Tesco Supermarkets was a distant #2 in South Korea with a fraction of sales and store locations compared to #1.  Traditional retail dictates they should add stores and try to grow each location incrementally. Simple math: stores * rev per store. But Tesco didn’t think traditionally. They blew up the model.

Korean shoppers have very little time for household chores. Grocery shopping was a necessary weekly pain, not a beloved ritual. But the grocery industry has always relied on the necessity of shopping. Except for Tesco. They focused on the pain. They created a whole new approach to grocery shopping that virtually eliminates the inconvenience and time required to shop at a traditional store.  Instead of asking customers to come to the grocery store, Tesco brought the grocery store to the customer.

Subway stations were wrapped with life-sized photographs of Tesco store aisles, each product QR Coded. While waiting for a train, consumers can snap QR code images and submit an electronic grocery order.  A distribution center receives the paid order and sends it out for delivery timed to arrive when the customer gets home. Consumer engagement with the new shopping experience is high- Tesco has a winner.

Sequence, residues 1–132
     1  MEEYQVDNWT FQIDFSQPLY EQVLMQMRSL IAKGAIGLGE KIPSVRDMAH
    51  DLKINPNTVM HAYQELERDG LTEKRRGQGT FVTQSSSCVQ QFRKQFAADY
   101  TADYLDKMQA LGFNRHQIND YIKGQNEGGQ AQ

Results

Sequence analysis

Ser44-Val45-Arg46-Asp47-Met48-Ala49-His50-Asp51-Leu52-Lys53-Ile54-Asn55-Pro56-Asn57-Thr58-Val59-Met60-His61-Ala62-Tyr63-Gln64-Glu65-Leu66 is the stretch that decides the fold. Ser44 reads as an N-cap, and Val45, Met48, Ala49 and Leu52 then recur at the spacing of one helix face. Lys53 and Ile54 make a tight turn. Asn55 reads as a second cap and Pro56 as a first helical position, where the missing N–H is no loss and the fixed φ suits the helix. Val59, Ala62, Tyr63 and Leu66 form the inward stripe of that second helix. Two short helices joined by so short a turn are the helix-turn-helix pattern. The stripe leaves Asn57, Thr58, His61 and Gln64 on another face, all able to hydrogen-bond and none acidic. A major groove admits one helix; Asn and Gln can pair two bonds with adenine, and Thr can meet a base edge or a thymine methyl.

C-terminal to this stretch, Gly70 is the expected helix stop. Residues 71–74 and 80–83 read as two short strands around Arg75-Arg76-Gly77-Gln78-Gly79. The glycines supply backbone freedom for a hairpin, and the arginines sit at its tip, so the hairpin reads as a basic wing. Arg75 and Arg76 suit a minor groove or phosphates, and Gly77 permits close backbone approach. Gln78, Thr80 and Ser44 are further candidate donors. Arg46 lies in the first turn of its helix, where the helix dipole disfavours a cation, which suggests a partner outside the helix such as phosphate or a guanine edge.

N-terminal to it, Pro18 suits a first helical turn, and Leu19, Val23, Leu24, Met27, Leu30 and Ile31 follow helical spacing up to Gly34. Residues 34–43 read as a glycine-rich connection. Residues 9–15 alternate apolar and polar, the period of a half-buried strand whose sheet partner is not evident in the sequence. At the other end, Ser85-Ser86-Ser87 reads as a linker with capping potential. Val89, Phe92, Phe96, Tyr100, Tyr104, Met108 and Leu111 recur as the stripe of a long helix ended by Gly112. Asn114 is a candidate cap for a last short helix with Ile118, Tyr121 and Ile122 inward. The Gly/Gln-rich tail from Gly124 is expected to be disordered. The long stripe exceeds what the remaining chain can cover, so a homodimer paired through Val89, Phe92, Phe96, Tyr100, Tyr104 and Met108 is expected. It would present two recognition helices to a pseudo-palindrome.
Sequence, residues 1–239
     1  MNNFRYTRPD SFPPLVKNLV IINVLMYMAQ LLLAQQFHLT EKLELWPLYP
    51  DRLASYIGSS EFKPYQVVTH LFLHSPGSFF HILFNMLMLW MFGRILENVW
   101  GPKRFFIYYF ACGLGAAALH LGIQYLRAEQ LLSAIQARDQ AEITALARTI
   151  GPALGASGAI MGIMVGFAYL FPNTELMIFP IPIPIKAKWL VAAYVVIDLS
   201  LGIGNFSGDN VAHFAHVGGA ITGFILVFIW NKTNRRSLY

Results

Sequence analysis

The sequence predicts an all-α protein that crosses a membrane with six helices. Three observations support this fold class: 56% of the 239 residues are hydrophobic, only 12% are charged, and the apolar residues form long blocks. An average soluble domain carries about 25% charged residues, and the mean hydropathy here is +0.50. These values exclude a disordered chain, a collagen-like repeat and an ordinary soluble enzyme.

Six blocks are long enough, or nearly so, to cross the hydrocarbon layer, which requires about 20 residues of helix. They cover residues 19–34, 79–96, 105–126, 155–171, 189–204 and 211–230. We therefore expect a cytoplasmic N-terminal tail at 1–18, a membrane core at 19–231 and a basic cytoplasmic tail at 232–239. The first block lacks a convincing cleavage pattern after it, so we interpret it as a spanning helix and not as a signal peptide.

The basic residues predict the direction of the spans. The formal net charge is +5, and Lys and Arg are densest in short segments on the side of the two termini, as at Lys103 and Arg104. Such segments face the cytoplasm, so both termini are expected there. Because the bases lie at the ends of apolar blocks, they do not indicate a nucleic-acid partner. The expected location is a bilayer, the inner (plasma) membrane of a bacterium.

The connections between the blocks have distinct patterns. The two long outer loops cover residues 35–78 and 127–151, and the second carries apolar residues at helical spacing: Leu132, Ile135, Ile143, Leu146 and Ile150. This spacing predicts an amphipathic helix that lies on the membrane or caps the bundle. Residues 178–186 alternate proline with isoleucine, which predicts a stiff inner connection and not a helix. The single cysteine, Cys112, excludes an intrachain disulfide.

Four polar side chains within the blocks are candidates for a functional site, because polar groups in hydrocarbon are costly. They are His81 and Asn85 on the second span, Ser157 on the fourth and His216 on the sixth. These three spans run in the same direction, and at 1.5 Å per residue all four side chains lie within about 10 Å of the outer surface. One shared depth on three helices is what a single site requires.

This is the kind of break the mold thinking that startups make. When you have nothing, you have nothing to lose. You have to think different to win. But Tesco is a multi-billion dollar company. Lots of careers at stake with such a massive investment in marketing, operations and service. Those executives could have lived happy corporate lives opening new stores and running weekly specials. Virtual stores in subways required guts. 

When faced with millions of entrenched assumptions about a market, it is more than easy to follow the established path. But the established path rarely leads to great breakthroughs. The iPad is not a better rotary dial phone. The virtual super market is more than a slightly better grocery store. Tesco focused on customer needs, even unarticulated ones. They changed the shopping paradigm and rethought distribution.  Boom. Breakthrough thinking led to breakthrough success.

A major tip of the hat for Tesco’s corporate courage and execution. They thought big and did great.